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Philipp Schmidt: Band gap opening in dual-gated bilayer graphene heterostructure devices

posted 14 Aug 2019, 05:44 by info admin   [ updated 14 Aug 2019, 05:45 ]

P. Schmidt1, E. T. Icking1,2, L. Banszerus1,2, C. Steiner1, C. Rogge1, K. Watanabe3, T. Taniguchi3,
B. Beschoten1 and C. Stampfer1,2

1JARA-FIT and 2nd Institute of Physics, RWTH Aachen University, Germany, EU
1,2Peter Grünberg Institute (PGI-9), Forschungszentrum Jülich, Germany, EU
3National Institute for Materials Science, 1-1 Namiki, Tsukuba, 305-0044, Japan

One of the most unique characteristics of bilayer graphene (BLG) is the possibility to tune the low-energy electron dispersion relation by applying an external electric field. This allows for opening up a band gap, modifying the band curvatures and even changing the topology of the Fermi surface. It has been shown that local graphite gates improve the device quality significantly compared to devices equipped with a global silicon back gate [1]. This can be explained by the formation of conductive edge channels due to fringe fields of the far separated global back gate and a lower disorder potential for local graphite gates efficiently screening charge disorder in the SiO2. While this current technology already allows for the confinement of charge carriers in zero or one dimensions [2], novel, more complex device geometries require structured top and back-gates [3]. This requires structuring of the graphite gate, which results in contaminated interfaces and therefore could lead to a reduced device quality. On the other hand, using a lithographically defined local gold gate results in a high disorder potential due to its rough surface. To avoid both problems, we present a technique to flip the encapsulated graphene with a pre-defined gate structure so that the rough surface of the gold is not at the interface to the graphene stack. Bias spectroscopy and temperature dependent transport measurements of a flipped gold gate device are also presented and compared to the graphite counterpart.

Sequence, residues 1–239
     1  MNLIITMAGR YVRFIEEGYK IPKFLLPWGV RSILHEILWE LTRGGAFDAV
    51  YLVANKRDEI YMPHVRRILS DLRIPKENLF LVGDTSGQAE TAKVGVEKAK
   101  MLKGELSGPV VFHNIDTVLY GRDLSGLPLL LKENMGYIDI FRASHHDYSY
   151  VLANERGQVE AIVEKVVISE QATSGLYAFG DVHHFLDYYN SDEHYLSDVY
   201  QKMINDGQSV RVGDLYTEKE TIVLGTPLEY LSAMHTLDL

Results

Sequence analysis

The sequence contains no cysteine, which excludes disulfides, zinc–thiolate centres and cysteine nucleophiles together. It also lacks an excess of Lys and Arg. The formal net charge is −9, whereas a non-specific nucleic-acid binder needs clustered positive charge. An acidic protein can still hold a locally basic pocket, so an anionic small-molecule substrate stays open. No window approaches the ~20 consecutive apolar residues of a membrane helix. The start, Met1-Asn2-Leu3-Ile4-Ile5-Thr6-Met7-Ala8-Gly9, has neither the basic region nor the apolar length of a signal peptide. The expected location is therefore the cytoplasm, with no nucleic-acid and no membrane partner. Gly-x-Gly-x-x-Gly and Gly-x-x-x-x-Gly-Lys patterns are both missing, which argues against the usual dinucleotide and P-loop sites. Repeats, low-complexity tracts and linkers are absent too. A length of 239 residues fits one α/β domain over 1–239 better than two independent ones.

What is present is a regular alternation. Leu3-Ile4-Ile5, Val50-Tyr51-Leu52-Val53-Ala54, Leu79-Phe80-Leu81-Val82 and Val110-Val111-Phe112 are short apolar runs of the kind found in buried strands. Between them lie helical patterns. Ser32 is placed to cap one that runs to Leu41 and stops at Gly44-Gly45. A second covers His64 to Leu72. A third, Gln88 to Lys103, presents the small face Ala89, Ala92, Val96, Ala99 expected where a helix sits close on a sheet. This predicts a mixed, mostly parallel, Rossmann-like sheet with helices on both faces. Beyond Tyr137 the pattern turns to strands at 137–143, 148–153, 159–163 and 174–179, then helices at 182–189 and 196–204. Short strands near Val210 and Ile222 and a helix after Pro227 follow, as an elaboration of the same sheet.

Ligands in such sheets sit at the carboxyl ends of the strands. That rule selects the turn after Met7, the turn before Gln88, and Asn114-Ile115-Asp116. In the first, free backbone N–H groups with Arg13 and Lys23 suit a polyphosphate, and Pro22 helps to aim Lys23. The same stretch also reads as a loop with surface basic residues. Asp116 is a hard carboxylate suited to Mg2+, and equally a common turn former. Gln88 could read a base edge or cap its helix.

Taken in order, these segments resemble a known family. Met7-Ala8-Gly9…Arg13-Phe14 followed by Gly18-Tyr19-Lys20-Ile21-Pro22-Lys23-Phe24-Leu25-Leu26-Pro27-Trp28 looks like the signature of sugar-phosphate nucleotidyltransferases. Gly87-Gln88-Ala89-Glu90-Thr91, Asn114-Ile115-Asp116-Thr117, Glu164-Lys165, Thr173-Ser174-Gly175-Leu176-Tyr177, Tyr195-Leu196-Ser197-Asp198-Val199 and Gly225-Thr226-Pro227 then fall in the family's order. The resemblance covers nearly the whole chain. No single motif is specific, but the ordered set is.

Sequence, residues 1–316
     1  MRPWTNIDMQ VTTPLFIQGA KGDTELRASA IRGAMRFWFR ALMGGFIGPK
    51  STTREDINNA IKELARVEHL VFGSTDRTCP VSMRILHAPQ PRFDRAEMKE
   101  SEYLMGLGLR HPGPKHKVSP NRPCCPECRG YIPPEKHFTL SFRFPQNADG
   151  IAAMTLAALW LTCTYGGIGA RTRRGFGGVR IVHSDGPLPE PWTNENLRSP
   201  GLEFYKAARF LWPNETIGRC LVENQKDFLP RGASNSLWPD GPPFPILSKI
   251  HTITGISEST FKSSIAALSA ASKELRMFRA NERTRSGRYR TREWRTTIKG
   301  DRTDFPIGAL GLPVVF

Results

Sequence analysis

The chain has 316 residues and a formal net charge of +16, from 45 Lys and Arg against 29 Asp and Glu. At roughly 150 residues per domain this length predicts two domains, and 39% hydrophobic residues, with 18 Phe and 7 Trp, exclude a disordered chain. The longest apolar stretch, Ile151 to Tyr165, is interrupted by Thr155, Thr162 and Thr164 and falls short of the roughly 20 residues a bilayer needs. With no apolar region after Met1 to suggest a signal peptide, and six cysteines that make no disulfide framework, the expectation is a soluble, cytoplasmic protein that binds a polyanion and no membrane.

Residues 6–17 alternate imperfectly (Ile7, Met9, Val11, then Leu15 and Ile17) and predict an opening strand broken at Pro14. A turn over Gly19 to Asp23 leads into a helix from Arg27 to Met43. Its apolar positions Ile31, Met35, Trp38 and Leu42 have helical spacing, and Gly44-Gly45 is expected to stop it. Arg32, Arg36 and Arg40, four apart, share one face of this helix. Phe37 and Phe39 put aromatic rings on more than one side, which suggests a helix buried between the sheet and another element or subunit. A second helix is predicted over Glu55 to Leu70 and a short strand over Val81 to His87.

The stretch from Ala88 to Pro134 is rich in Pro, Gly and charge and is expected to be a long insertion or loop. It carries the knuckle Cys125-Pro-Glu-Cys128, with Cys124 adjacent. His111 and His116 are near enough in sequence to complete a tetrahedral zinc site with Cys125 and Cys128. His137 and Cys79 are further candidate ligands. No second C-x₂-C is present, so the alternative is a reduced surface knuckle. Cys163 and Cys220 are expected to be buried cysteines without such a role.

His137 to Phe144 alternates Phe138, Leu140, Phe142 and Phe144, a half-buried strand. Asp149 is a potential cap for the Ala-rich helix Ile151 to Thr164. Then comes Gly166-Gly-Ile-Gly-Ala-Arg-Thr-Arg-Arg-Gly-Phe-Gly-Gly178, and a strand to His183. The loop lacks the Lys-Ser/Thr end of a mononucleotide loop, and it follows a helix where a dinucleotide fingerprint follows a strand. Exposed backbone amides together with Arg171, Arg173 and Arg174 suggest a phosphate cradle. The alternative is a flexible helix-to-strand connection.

[1] H. Overweg, et al.: Nano Lett. 2018, 18, 1, 553-559

[2] L. Banszerus et al.: Nano Lett. 2018, 18, 8, 4785-4790

[3] J. Li, et al.: Science 2018, 362, 6419, 1149-1152


Philipp Schmidt is currently a Master student in the group of Christoph Stampfer at RWTH Aachen University. He is interested in mesoscopic electron transport in bilayer graphene nanostructures and the nanofabrication of 2D heterostructures.

During his bachelor studies he investigated the dephasing properties of a graphene-based nanomechanical resonator coupled to a microwave cavity.